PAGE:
Whole life insurance and term life insurance are pretty different. Here we'll go over their similarities and differences and pros and cons to decide why you might want one over the other, or neither.
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Term Life Insurance
Term life insurance, as the name suggests, has a specified term length for coverage during which it will pay out if you die. That term could be 20 years, 30 years, etc.
For example, if you buy a 20 year term policy with a $500,000 death benefit and you die within that 20 year coverage window, your beneficiaries get $500,000. Simple as that. If that term coverage ends and you die afterward, beneficiaries receive nothing.
Term life insurance is easy to understand because you are paying for “pure” insurance and there's no saving or investing component. As such, there are no wealth building or tax saving advantages with term policies. This also makes term life insurance significantly cheaper than whole life insurance.
For most term life insurance policies, the premiums and payout stay constant. For example, your policy's hypothetical $500,000 payout and $25 monthly premium will remain unchanged for the entire term. A larger death benefit or longer term obviously means a higher premium.
Ideally a term life insurance policy will cover some specific obligation, such as a 20 year term policy to cover a newborn until she can provide for herself financially.
Term life insurance is flexible based on your desired timeframe, and typically does not require a medical exam.
Whole Life Insurance
Whole life insurance, as the name suggests, is a type of permanent life insurance that lasts your whole life, provided you can pay the premiums.
Whole life insurance costs much more than term life insurance because it lasts longer and has what's called a cash value component that accumulates tax-free as time passes. A portion of your premium goes toward that cash value which can later be withdrawn or borrowed against. Cash value usually doesn't accrue for several years after coverage begins.
The cash value component makes whole life insurance policies a hybrid vehicle with insurance and investing under one roof. As such, whole life insurance is sometimes referred to as “cash value insurance.”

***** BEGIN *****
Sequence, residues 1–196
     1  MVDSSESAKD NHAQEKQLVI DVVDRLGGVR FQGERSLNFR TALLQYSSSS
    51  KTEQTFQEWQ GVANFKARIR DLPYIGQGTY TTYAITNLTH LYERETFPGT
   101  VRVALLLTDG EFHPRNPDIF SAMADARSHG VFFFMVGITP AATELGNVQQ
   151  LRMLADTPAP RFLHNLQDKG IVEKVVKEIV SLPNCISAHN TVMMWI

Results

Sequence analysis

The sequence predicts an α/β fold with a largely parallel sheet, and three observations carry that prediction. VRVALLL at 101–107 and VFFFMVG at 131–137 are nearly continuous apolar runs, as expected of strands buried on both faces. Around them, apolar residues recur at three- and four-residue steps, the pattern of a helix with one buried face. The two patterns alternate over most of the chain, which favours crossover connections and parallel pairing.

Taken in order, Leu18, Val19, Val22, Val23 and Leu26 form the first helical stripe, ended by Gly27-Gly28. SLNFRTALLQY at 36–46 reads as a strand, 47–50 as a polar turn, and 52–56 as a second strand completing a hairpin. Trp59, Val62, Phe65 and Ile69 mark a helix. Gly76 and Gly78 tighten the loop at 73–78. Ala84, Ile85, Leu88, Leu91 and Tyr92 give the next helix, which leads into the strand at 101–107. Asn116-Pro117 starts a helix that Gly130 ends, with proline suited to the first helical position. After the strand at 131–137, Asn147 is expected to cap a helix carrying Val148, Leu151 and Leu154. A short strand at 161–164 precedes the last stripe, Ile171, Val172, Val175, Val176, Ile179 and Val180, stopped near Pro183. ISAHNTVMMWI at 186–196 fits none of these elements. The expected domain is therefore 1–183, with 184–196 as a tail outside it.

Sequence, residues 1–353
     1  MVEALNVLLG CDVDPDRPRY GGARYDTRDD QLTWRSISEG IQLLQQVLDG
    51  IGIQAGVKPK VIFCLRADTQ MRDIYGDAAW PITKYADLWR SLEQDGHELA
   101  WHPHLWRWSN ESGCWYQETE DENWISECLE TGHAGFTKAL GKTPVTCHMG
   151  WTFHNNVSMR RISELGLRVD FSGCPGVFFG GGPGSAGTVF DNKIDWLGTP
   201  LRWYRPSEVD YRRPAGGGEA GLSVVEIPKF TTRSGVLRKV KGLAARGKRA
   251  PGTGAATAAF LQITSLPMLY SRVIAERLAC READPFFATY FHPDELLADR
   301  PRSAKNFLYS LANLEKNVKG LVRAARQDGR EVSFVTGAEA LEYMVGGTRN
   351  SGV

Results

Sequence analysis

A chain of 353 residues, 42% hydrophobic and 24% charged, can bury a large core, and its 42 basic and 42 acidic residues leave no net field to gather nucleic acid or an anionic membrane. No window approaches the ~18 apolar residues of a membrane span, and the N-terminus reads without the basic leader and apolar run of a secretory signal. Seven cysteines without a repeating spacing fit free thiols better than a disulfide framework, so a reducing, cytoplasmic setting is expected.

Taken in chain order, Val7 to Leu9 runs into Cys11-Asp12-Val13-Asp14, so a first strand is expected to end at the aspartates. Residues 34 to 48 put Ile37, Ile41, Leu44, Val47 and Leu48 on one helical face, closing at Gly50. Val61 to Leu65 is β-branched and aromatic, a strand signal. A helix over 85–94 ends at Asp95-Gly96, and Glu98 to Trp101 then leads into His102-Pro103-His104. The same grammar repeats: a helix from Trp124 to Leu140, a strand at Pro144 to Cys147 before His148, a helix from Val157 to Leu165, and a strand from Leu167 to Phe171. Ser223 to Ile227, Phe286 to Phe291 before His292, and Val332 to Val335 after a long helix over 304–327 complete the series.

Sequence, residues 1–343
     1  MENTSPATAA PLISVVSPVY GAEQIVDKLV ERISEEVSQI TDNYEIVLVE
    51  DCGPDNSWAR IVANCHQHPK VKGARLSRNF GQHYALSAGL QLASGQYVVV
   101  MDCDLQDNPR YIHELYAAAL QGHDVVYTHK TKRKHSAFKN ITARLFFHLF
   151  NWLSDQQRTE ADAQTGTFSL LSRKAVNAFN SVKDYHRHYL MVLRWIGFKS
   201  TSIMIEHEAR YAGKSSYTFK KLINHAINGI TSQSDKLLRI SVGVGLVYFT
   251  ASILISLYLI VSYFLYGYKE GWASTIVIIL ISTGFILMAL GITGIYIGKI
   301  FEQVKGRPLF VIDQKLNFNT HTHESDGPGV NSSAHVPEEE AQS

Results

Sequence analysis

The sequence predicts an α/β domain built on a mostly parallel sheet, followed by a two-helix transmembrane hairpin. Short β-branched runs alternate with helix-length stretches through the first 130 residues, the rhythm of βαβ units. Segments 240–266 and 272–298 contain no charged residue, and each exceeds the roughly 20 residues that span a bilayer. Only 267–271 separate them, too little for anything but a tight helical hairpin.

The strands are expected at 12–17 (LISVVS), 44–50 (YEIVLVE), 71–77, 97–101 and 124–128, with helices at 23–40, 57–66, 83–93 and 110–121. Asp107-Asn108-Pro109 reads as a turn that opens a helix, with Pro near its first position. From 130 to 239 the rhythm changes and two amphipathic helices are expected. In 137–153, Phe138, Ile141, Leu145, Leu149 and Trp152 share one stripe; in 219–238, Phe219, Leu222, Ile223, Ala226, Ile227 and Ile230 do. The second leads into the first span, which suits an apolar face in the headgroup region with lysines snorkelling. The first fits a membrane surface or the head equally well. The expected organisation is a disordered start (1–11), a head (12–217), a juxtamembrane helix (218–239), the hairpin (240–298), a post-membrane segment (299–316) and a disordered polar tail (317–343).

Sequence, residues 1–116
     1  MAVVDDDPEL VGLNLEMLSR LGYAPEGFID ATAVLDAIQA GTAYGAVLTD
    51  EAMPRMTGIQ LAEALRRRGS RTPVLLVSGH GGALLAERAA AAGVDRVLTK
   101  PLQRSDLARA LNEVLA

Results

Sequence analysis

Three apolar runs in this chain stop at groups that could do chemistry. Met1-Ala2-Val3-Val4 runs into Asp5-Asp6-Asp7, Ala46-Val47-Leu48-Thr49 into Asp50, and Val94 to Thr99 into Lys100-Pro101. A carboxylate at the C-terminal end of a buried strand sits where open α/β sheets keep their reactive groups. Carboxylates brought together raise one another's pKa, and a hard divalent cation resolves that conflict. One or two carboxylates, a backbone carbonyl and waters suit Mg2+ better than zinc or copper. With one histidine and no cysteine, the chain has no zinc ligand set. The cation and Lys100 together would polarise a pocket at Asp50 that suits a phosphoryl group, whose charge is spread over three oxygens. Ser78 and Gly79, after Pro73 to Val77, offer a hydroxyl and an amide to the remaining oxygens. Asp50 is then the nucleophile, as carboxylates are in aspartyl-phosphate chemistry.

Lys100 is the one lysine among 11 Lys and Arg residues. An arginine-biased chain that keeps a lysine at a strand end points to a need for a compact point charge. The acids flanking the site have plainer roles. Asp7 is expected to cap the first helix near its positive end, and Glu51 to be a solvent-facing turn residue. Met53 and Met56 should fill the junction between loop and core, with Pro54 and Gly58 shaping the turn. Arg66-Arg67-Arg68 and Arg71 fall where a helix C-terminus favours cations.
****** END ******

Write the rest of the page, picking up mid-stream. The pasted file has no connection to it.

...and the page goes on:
The premiums of whole life insurance policies are typically 10-20x higher than that of term policies.
Premiums for whole life insurance policies typically remain constant and the cash value grows at a fixed rate. Death payouts are also guaranteed, though any loans taken out will decrease the death benefit if the loan is still outstanding.
If you let the whole life policy lapse, you may face surrender charges.
Whole life insurance policies also typically require a medical exam.
All these factors make whole life insurance much more complex and confusing than term life insurance.
Which Is Best for You?
So should you choose term life insurance or whole life insurance?
First we'll go over some quick factors that may easily make the decision for you, and then after that we'll cover the more nuanced considerations of choosing.
Factors for a Quick Decision
Choose a term life insurance policy if you:
- Need coverage for a specific time period, e.g. 20 years.
- Want the cheapest option or simply can't afford whole life insurance.
- Don't care about cash value accrual of whole life insurance.
Choose a whole life insurance policy if you:
- Want lifetime coverage.
- Have a lifelong dependent like a child with disabilities.
- Want a policy with a cash value component.
Now let's talk about some more nuanced considerations when choosing between term and whole life to explain why term is probably the right choice for most people.
Simplicity and Efficiency
First, remember the simple fundamental reason for life insurance in the first place – to replace your income for someone who depends on it. As such, a term policy fits that bill perfectly, as it's simple, affordable coverage for a specified time period and payout. This is just like how other types of insurance work like homeowners insurance, car insurance, etc.
Recall that whole life insurance is much more complex and involves insurance plus a cash value accrual component. Insurance agents count on you being confused by that complexity.
This is also what makes whole life much more expensive than term. For any given coverage amount, we should prefer to get it as cheaply as possible.
I'm not a fan of mixing insurance and investing anyway. Hopefully you've already got an emergency fund, a taxable brokerage account, and retirement accounts like a 401k and Roth IRA already to cover the investing side. Once those grow sufficiently large, you'll no longer need life insurance at all and you will be self-insured, as those assets in those accounts can simply flow to your beneficiaries upon your death.
In other words, insurance is there to provide peace of mind. It should not be viewed as a money-making machine or investment account.
The insurance salesman will almost certainly try to pitch the idea that a whole life policy offers financial flexibility. I would argue the opposite. A whole life policy offers each of its components – insurance and investing – in a less efficient manner than each of those on their own using other account types.